Expert Commentary: Culture and Drones

Photo courtesy Northrop Grumman

I couldn’t restrain myself from Tweeting a big “Bravo Zulu” to Boeing a few weeks ago when I saw they were still in the running for the Navy’s MQ-25 “Stingray” carrier-based drone program. I did some consulting work with Boeing several years ago on the Navy’s Unmanned Carrier-Launched Airborne Surveillance and Strike (UCLASS) program and really liked Boeing’s design. It was a great plan for a stealthy, spy/bomber drone that could fly off carriers—a capability our Navy should have had years ago.

I was feeling good about my small role in their success until I read the rest of the article. Apparently, the Navy mutated the UCLASS program into the CBARS program. I had to Google that one. Turns out it stands for “Carrier-Based Aerial Refueling System.” Wait—what? The Navy wants a TANKER drone and not a bomber or spy drone???

I knew immediately what had happened—culture had triumphed over common sense in the drone world. Again.

Uncomfortable Implications

I’ve seen it time and time again. Drones have the easiest time with people who know the least amount about aviation. The folks you THINK would best see the advantages of unmanned aviation—the aviators—are often the toughest sell. And it’s not because they don’t understand the systems. It’s often because they understand them all too well and don’t like the implications.

In the Navy’s case, I’m convinced they’re making their first carrier-based drone a tanker because Naval Aviators saw what drones did to the Air Force fighter inventory and didn’t like it one bit. The Air Force’s MQ-1/Predator that had started out as a sideshow in the Kosovo air war ended up becoming the most famous Air Force aircraft a few months into the Global War on Terror. Air Force budgets reflected this switch. In the mid 2000s, Air National Guard units started converting from fighters and transport units into drone squadrons. The Air Force trained more drone pilots than bomber and fighter pilots combined starting in 2010 and hasn’t let up since. In 2012, a single drone squadron at Creech Air Force Base flew more hours annually than the entire Pacific Air Force. The Navy watched this conversion from manned to unmanned aviation in the Air Force, which was relatively safe because there wasn’t a drone capable of surviving the rigors of carrier aviation. Yet.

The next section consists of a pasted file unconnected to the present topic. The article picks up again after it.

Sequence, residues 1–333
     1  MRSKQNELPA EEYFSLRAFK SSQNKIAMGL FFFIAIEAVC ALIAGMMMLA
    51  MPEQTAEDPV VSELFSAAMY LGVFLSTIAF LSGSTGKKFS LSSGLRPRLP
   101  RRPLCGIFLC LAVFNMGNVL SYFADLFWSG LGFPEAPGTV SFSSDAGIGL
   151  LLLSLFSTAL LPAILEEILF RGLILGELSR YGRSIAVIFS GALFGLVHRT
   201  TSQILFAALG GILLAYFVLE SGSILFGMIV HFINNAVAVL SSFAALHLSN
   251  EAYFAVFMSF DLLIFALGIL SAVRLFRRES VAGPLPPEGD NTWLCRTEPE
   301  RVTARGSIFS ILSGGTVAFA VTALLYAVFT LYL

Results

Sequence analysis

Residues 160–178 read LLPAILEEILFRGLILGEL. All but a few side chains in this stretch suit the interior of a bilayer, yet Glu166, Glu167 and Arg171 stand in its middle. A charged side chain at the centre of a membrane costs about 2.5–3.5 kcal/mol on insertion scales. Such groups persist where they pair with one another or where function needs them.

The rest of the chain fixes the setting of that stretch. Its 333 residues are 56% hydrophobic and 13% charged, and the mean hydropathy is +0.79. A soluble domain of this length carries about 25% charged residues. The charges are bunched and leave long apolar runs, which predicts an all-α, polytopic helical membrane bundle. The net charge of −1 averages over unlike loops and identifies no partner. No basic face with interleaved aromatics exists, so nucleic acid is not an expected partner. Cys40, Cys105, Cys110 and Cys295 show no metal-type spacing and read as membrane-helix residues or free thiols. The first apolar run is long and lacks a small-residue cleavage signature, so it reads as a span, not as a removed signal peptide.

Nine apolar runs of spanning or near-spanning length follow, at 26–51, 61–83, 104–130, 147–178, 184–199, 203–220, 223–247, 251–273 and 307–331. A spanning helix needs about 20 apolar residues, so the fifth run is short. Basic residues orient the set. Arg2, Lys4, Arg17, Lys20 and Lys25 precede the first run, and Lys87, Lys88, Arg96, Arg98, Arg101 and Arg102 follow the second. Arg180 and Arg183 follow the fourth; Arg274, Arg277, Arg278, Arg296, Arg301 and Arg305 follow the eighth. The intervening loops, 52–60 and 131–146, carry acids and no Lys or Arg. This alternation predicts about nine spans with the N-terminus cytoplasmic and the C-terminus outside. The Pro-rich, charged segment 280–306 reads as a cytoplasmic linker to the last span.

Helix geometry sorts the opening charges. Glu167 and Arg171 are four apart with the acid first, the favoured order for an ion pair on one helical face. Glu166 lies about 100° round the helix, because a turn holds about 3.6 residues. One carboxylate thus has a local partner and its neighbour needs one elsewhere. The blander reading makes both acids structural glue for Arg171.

After NATO’s air campaign in Libya in 2011, the Navy came under pressure from the Secretary of Defense to develop a carrier-based strike drone. Air Force Predators had to fly 10 hour round trips from NATO land bases, leaving a little over half their fuel for the actual mission. A Navy carrier drone could have performed the missions from minutes offshore versus hours.

However, instead of rushing a carrier drone into production, naval aviation took its time. I’m convinced they did so to allow the pressure to die down from simultaneous operations in Afghanistan, Iraq, the Horn of Africa and Libya to prevent a carrier drone from competing with the naval variant of the F-35 Joint Strike Fighter.